Charleston County Public Library (CCPL) will host retired NASA astronaut Don Thomas for a special STEM talk on Thursday, August 30 at 6:15 p.m. at the Main Library, located at 68 Calhoun St. in downtown Charleston. Thomas is a former NASA astronaut who flew on four Space Shuttle missions. During his career, he spent 44 days in space and orbited the Earth 692 times. His presentation will feature his experiences living and working in space, along with some of his favorite images of our planet that were taken from space. Thomas will discuss NASA’s newest rocket, called the Space Launch System, as well as some of the future missions NASA hopes to complete with these rockets, such as sending astronauts to Mars.
Thomas was born May 6, 1955, in Cleveland, Ohio. He graduated from Cleveland Heights High School, Cleveland Heights, Ohio, in 1973; received a Bachelor of Science degree in Physics from Case Western Reserve University in 1977, a Master of Science degree and a Doctorate in Materials Science from Cornell University in 1980 and 1982, respectively.
Selected by NASA in January 1990, Thomas became an astronaut in July 1991. He was CAPCOM (spacecraft communicator) for shuttle missions STS-47, 52 and 53. From July 1999 to June 2000 he was Director of Operations for NASA at the Gagarin Cosmonaut Training Center in Star City, Russia.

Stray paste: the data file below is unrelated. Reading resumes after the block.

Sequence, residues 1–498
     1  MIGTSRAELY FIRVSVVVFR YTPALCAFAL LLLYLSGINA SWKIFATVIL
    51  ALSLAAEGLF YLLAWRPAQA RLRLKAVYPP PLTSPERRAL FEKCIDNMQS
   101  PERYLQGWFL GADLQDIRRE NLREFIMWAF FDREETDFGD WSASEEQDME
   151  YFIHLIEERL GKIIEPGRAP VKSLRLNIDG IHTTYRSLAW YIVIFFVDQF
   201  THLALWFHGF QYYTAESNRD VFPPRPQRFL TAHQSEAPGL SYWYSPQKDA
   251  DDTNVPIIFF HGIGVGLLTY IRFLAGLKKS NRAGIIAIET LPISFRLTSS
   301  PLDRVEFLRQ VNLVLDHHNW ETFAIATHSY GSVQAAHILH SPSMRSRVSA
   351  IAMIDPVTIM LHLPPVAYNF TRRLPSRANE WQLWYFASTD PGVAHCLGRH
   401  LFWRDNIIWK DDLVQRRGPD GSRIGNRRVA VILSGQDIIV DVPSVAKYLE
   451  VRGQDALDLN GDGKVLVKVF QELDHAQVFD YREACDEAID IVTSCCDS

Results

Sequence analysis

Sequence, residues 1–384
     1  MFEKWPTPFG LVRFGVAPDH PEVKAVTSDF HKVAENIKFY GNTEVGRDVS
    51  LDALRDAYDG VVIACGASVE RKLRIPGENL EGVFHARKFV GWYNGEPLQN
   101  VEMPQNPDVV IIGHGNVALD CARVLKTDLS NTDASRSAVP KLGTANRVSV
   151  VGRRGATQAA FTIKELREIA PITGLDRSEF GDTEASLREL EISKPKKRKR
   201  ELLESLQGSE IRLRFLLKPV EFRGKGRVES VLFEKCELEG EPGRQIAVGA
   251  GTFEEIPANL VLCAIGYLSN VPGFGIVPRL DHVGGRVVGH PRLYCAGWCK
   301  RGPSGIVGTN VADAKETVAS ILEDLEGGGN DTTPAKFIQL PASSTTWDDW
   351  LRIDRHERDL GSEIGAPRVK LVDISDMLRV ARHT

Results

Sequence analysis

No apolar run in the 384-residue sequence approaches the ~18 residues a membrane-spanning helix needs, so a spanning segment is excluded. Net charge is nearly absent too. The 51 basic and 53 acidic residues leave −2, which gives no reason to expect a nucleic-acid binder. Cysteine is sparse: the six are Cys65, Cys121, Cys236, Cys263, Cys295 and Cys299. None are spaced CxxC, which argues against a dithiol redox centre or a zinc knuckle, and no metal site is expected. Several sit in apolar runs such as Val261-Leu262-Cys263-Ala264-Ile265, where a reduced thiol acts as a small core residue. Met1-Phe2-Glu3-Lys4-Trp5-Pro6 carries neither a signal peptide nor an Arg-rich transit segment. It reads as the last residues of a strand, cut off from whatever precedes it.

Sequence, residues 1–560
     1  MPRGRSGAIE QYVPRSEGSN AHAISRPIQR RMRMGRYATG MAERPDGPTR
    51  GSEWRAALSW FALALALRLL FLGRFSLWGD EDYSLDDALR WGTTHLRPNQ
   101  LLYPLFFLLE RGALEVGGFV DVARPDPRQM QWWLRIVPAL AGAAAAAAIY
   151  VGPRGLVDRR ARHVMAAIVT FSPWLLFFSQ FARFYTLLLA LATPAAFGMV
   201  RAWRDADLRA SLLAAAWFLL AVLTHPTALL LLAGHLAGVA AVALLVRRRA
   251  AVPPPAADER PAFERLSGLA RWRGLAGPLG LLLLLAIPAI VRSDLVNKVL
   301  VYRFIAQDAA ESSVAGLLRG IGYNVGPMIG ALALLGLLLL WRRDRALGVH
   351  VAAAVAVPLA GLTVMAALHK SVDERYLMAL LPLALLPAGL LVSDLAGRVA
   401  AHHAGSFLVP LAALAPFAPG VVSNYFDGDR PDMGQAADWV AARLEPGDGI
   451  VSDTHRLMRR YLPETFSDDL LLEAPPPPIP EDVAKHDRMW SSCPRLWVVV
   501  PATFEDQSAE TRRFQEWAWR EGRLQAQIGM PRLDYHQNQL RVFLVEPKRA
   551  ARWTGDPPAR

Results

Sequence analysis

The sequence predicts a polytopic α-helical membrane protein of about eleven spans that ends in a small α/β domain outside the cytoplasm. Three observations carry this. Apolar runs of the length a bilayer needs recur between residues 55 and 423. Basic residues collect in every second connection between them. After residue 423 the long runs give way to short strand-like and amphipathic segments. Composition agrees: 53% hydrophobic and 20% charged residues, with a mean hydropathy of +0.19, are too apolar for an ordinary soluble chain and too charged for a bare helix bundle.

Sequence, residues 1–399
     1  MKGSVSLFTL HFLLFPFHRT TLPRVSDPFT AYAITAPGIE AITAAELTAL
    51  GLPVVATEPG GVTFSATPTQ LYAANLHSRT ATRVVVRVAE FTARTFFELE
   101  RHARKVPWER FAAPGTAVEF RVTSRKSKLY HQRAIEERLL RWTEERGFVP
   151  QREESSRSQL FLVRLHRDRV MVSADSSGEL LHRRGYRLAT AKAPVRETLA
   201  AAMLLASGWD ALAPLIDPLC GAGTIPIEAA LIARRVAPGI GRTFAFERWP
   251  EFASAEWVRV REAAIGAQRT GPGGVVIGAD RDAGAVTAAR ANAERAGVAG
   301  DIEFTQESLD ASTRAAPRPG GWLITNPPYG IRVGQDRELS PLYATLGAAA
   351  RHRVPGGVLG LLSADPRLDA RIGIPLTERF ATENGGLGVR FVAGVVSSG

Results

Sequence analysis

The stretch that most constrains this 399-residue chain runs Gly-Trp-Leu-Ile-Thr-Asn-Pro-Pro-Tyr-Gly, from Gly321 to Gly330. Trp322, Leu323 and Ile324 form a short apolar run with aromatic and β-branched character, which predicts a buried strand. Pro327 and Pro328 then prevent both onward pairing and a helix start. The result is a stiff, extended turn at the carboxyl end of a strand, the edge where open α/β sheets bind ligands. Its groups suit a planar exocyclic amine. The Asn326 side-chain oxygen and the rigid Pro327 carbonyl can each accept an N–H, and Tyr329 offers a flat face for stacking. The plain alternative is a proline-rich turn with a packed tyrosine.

A veteran of four Space Shuttle flights, Don Thomas logged more than 1,040 hours in space on the following missions:
· STS-65: Set a new flight duration record for the Space Shuttle program. The mission flew the second International Microgravity Laboratory (IML-2). During the 15-day flight the crew conducted more than 80 experiments focusing on materials and life sciences research in microgravity. Mission duration was 353 hours and 55 minutes, traveling 6.1 million miles in 236 orbits of the Earth.
· STS-70: During this mission, Thomas was responsible for the deployment of the sixth and final Tracking and Data Relay Satellite from the Space Shuttle. Mission duration was 214 hours and 20 minutes, traveling 3.7 million miles in 142 orbits of the Earth.
· STS-83: The STS-83 Microgravity Science Laboratory (MSL-1) Spacelab mission, was cut short because of problems with one of the Shuttle’s three fuel cell power generation units. Mission duration was 95 hours and 12 minutes, traveling 1.5 million miles in 63 orbits of the Earth.
· STS-94: This mission was a re-flight of the Microgravity Science Laboratory (MSL-1) Spacelab mission, and focused on materials and combustion science research in microgravity. Mission duration was 376 hours and 45 minutes, traveling 6.3 million miles in 251 orbits of the Earth.
Thomas retired from NASA in July 2007 and now supports the Space Launch System program.